Here is an interesting article about feelings and the way we are supposed to view how people read; and write. “….physical, imaginative reading is still associated with women, still considered embarrassing, and still employed as a form of resistance to mainstream narratives. ” (Wilson, 2016)
But …. “There is a new belief that objectivity in literary criticism is not only undesirable but impossible. Increasingly, graduate students are trained not to avoid saying ‘I feel…’, and to consider how their own bodily experiences, inflected by gender, race, sexuality and class, shape their interactions with literature” (Wilson, 2016)
Read the rest here: How a medieval mystic was the first creator of fanfiction: Full Body Reading https://aeon.co/essays/how-a-medieval-mystic-was-the-first-creator-of-fanfiction
An anthropology book, Taboo; Sex, identity and erotic subjectivity in anthropological field work , which I read a few years ago explores objectivity vs. subjectivity, and is critical of any wholesale rejection of feeling in ethnographic work. Jill Dubish quotes James Clifford in a chapter, “”Every version of an “other”, wherever it is found is also a construction of ‘self'” (1986;23) (1995; 47).Transfer this thought to the humanities and we might consider taking note of the less ‘academically’ minded self when thinking about any text we are be looking at. Mind and body are not separate things. This is fast becoming accepted and I will spend some time finding further articles to back this up if necessary – perhaps for reference in A5. Taboo was written in the 90s so these thoughts are not new or radical, but I have been told to write less emotionally here. Whilst I’m sure there are plenty in the field of anthropology as well as art criticism who are aghast at the inclusion of subjective writing, and there are bound to be any number of challenges to overcome, I’m not at all convinced that rejecting ‘feeling’ is valuable. All of this is certainly something I hope to continue reading about and exploring as I move forward.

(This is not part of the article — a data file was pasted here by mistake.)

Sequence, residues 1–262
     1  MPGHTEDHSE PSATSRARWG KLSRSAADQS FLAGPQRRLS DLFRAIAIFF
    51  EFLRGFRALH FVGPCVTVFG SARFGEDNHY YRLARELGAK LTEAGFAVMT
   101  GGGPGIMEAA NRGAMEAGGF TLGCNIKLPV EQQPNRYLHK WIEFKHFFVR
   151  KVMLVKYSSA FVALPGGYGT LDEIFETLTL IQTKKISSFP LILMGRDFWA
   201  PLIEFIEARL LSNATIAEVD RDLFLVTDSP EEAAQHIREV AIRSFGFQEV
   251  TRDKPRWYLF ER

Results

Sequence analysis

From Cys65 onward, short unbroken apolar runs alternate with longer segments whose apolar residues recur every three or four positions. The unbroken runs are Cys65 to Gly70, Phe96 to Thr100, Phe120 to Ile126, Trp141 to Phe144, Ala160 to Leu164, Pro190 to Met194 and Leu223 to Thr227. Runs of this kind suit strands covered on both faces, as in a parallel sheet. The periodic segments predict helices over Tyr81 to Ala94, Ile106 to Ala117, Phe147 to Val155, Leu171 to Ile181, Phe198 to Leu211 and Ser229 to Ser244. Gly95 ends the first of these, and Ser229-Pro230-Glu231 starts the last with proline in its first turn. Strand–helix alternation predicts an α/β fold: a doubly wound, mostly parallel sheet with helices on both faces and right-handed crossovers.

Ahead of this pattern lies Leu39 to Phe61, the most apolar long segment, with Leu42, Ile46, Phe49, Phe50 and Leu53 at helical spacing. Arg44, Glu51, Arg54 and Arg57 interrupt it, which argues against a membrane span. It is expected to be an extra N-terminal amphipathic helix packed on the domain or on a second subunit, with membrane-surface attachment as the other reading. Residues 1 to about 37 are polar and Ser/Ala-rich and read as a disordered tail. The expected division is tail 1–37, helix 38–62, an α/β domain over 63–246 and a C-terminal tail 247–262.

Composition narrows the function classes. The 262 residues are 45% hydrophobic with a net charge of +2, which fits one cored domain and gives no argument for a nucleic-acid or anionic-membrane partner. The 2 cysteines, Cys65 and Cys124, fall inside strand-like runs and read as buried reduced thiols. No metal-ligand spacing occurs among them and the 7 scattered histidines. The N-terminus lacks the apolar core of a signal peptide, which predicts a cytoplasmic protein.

Dubish, J (1995) Clifford, J (1986) Ed. Kulick, D. and Willson, M. (1995). Taboo. 1st ed. London: Routledge, p.47.
Aeon. (2016). How a medieval mystic was the first creator of fanfiction – Anna Wilson | Aeon Essays. [online] Available at: https://aeon.co/essays/how-a-medieval-mystic-was-the-first-creator-of-fanfiction [Accessed 13 Nov. 2016].